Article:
This past Friday I had the pleasure of hosting another Sri Lankan Supper Club–this time in the nation’s capital at a fairly new space known as Montserrat House on 9th & U Streets (www. montserrathouse.com). Once again, those patrons who plunked down $50 for a full rice & curry meal with appetizers and dessert, went away, I believe, fully satisfied and with a much deeper appreciation of Sri Lankan food. It’s astounding that such a diverse metropolis as DC does not have a Sri Lankan restaurant–especially since there’s quite a few Sri Lankans in the DC/MD/VA area–so that would probably account for the dinner selling out pretty quickly. But aside from a handful of people familiar with the cuisine, few really knew what to expect, so I had to treat them to the typical kind of meal that we are accustomed to on the island. The menu, all of which comes from my book, Rice & Curry: Sri Lankan Home Cooking, was as follows:
black pork curry
fish ambul thiyal (sour fish curry)
parippu (lentils stewed in coconut milk)
mallun (sauteed greens)
eggplant moju ( caramelized eggplant)
Sri Lankan salad
Wattalapam (coconut flan)
Since all of the main dishes in a rice & curry meal are served together, Sri Lankans don’t usually eat appetizers, so I used some popular street foods, usually eaten as snacks, to pique peoples’ appetites. Cutlets, patties, and vadai are also, ironically, the most labor intensive part of the menu. With the Montserrat’s deep fryer out of commission for the evening, we also had the fry both the cutlets and vadais in small batches on the stove top. That’s how I usually do it at home, so while more time consuming, it was no big deal in the end.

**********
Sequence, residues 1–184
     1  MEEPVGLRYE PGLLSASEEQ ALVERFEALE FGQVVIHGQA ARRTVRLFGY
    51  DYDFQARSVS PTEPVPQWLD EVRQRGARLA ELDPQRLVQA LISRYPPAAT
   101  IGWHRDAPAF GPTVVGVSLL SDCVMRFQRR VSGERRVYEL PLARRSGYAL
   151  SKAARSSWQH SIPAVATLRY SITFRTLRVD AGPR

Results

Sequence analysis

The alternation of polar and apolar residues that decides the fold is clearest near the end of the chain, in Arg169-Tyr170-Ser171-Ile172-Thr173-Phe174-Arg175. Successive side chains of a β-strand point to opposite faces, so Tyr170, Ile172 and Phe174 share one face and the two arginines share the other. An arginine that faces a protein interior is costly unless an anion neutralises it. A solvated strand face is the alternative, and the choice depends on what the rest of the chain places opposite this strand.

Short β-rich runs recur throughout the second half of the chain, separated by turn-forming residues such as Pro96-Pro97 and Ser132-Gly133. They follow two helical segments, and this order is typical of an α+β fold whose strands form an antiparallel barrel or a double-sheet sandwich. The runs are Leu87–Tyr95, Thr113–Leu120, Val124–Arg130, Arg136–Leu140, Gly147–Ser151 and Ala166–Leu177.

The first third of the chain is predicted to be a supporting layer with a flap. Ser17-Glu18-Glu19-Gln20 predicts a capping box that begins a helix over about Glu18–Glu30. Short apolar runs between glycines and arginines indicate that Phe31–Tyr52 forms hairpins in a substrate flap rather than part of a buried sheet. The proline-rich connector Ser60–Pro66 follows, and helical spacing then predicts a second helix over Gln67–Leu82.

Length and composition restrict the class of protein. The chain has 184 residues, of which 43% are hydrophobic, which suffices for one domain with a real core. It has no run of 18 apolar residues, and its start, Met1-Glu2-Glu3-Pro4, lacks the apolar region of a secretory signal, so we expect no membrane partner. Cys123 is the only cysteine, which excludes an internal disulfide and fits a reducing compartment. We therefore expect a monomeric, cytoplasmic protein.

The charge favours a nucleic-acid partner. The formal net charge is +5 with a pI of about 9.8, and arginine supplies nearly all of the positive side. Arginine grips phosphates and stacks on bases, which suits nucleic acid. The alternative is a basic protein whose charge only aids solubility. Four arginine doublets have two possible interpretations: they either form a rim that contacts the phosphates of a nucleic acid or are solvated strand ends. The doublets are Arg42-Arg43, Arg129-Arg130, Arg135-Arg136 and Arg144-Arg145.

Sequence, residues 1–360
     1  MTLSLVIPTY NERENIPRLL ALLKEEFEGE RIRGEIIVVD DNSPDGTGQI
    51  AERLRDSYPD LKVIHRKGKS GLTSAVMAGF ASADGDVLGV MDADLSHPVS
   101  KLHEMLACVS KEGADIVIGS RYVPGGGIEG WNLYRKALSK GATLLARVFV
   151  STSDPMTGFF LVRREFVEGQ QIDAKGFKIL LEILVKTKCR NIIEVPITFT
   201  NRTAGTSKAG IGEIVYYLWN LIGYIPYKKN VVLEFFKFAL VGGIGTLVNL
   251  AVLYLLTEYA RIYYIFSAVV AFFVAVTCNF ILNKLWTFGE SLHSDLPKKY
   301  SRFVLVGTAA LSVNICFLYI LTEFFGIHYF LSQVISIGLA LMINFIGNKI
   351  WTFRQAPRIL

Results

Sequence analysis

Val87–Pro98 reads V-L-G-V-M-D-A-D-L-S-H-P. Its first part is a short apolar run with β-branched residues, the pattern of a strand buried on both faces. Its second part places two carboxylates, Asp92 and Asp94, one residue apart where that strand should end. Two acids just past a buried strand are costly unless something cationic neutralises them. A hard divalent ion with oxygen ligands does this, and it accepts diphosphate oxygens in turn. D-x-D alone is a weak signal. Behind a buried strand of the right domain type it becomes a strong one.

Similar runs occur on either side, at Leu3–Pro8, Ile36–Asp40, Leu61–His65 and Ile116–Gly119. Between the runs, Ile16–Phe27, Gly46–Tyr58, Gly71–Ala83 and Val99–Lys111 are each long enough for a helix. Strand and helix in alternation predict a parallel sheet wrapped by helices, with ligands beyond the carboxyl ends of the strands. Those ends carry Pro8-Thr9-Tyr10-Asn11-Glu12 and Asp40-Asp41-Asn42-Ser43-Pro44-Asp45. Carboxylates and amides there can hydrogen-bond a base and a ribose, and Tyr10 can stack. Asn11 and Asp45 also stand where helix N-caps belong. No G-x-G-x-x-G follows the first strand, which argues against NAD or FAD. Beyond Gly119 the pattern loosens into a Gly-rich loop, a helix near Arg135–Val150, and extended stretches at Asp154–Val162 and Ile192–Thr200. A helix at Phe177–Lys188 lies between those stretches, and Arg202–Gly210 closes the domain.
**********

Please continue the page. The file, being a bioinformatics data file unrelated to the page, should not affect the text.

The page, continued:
Using a kitchen you’re not familiar with presents all kinds of challenges. For example, I didn’t bother to check and see if an oven I was heating up some dishes in was working. I only found out minutes before we were to begin plating that the food was still cold. Once again, improvisation is key, as we quickly heated up stuff in saute pans on the stove top. Though it did delay the dinner service a little bit, no one complained and, in fact, everyone was very happy with their meal.
I usually like to document everything that I make at these dinners, but because we had to get the food out to the 50 customers in a hurry, I only had time to snap a few shots of the finished plates.
I did, however, manage to get some nice shots of the condiments, which people could help themselves to at the table.
And, of course, no meal would be complete without a decadent dessert. In Sri Lanka, the overwhelming choice is usually wattalapam, a flan made of coconut milk, eggs, and jaggery (palm sugar).
I was able to mingle with guests after the dessert service, and the feedback I received from everyone made it well worth all the effort. I have to send a special shout to my servers, Greg & Gillian, and my sous chef for the evening, Wilma Consul, for all their help. Also shouts out to Eric and Elliot at Montserrat House for having a cool place and making this event possible.